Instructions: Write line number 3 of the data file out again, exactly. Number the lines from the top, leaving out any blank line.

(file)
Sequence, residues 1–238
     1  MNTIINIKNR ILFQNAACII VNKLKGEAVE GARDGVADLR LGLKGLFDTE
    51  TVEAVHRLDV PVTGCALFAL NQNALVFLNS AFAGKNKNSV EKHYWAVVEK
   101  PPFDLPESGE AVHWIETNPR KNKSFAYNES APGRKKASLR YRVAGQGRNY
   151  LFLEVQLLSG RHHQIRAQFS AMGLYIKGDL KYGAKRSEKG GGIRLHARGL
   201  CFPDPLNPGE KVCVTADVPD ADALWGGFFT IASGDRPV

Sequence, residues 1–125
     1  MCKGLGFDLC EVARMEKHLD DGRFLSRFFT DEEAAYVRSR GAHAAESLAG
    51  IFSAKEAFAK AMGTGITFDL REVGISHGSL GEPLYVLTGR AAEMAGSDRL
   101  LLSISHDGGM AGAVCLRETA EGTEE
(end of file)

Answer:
    51  TVEAVHRLDV PVTGCALFAL NQNALVFLNS AFAGKNKNSV EKHYWAVVEK